Over 25 area restaurants closed their doors for good – several that have been in business for decades – due to the impact of Health Department stay-at-home orders and restrictions on business operations that began in March 2020 with the arrival of the COVID-19 pandemic.
A few days after Thanksgiving, Governor Brian Kemp issued an executive order further restricting restaurant operations. The Georgia Restaurant Association (GRA) published a statement shortly after.
Thousands of Michiganders are wondering if criminal charges and fines levied against them are still valid after the Michigan Supreme Court last Friday ruled Gov. Gretchen Whitmer’s COVID-19 executive orders issued after April 30 are illegal.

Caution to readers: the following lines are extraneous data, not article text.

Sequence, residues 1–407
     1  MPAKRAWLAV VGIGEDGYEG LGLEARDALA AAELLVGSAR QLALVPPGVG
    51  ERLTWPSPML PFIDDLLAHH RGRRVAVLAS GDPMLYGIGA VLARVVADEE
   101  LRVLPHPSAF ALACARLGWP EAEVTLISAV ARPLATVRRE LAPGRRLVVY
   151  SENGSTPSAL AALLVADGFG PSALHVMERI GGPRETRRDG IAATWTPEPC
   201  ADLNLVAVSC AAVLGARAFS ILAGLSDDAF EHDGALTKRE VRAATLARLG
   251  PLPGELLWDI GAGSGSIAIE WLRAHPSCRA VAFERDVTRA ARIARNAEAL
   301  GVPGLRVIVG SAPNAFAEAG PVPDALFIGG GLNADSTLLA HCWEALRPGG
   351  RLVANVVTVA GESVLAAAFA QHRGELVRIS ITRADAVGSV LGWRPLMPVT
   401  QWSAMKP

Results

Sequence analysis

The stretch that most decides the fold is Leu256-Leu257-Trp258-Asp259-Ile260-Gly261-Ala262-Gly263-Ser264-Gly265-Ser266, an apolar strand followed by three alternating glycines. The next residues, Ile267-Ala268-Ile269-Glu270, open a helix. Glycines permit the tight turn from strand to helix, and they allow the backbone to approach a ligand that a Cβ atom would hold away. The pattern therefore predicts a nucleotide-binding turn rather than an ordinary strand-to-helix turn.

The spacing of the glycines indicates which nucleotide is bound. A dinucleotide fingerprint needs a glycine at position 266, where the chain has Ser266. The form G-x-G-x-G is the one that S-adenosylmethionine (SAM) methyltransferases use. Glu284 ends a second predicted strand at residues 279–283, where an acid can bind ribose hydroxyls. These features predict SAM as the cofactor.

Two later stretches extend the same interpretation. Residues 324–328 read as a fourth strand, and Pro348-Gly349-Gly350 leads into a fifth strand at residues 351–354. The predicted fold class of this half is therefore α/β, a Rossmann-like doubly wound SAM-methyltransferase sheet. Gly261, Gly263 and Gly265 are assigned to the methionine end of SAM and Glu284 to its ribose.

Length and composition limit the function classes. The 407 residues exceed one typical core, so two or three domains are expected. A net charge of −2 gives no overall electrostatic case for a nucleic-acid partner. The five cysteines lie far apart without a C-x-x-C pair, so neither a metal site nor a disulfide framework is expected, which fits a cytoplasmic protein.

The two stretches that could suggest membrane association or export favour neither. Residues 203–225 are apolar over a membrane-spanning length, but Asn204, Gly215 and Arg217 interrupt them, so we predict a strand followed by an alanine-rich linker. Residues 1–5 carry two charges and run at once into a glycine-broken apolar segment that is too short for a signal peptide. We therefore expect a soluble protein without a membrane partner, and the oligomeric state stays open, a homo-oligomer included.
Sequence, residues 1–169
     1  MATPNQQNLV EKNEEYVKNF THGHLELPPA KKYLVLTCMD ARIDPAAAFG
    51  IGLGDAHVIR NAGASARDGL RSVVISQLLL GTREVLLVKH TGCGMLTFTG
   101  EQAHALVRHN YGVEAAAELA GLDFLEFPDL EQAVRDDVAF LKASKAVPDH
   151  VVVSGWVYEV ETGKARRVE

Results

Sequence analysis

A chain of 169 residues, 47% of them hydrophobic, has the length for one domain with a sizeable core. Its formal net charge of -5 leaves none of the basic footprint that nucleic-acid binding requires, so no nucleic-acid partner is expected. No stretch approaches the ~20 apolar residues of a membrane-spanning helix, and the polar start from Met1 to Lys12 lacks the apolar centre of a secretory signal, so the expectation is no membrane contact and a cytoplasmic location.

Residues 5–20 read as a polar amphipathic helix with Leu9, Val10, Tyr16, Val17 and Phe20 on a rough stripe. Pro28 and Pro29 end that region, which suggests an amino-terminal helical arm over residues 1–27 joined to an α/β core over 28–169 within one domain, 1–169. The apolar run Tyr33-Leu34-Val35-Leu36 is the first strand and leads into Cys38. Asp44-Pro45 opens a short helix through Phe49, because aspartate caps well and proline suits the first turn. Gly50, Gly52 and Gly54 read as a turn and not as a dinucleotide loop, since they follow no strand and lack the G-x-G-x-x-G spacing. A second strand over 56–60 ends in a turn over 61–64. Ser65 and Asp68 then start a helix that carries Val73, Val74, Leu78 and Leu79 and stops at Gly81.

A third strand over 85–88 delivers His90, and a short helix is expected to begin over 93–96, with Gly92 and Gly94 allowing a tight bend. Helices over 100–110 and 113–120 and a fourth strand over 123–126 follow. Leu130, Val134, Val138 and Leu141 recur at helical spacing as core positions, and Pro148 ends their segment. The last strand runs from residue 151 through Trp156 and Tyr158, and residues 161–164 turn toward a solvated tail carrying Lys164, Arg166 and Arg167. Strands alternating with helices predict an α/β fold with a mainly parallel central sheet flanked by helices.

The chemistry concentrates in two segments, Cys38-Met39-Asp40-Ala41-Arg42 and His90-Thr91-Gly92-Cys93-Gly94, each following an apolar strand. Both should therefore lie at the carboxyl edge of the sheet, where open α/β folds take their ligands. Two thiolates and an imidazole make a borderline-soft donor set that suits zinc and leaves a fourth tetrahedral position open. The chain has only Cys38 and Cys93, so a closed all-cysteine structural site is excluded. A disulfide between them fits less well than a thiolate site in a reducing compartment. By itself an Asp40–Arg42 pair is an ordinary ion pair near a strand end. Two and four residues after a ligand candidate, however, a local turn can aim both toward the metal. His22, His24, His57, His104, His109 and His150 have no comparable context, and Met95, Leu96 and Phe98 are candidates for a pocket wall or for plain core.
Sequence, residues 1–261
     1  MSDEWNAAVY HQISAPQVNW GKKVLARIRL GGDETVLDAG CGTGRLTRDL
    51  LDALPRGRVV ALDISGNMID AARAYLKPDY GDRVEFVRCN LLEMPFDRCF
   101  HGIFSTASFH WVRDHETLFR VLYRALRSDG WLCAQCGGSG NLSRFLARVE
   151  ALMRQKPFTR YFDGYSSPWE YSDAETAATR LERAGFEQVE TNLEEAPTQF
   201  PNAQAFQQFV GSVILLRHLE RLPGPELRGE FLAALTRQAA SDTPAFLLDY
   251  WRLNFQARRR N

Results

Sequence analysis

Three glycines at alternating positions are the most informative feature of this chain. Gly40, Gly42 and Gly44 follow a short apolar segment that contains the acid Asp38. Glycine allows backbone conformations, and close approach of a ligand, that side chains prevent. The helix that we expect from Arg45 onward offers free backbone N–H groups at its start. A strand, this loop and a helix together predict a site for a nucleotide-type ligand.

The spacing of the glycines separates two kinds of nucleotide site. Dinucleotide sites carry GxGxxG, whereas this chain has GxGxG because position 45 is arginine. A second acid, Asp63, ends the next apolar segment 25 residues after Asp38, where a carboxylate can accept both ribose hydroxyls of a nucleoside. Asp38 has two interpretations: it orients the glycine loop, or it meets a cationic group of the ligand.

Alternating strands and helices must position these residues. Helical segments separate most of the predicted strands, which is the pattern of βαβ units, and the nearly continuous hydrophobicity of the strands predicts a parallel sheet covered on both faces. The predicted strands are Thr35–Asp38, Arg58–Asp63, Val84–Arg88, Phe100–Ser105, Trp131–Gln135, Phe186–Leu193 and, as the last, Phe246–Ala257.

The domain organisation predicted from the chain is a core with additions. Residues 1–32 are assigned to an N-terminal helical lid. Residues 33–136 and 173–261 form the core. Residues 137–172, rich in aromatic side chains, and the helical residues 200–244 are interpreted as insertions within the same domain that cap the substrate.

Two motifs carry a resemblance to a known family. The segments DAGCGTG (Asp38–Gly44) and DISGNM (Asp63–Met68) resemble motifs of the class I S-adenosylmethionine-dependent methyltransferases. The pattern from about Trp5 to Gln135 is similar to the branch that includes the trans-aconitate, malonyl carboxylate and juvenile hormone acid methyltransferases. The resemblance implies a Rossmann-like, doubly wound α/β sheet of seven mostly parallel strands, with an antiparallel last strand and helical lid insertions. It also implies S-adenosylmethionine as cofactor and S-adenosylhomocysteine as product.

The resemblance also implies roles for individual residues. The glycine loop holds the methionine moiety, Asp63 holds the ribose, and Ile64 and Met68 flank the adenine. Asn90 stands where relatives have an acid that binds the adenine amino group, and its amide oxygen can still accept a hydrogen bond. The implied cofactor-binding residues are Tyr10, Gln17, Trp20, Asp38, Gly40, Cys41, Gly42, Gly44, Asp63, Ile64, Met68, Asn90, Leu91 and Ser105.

Some don’t have answers – yet.
Owosso barber Karl Manke’s attorney David Kallman told The Center Square he’s expecting Attorney General Dana Nessel’s office to drop criminal charges against Manke, who operated his barbershop in violation of Whitmer’s orders.
The Ohio Senate passed two bills and discussed a third this week that would “check and balance” state executive orders. The two passed bills would limit essential workers’ liability for COVID-19 transmissions and grant $650 million of federal relief funds statewide, respectively.
Senate Bill (SB) 311 aims to install a balance of powers between Congress and Ohio’s Department of Health (DOH) during this and any future pandemics. In an interview with The Ohio Star, Senator Andrew Brenner (R-OH-19) explained the historical rationale behind the bill.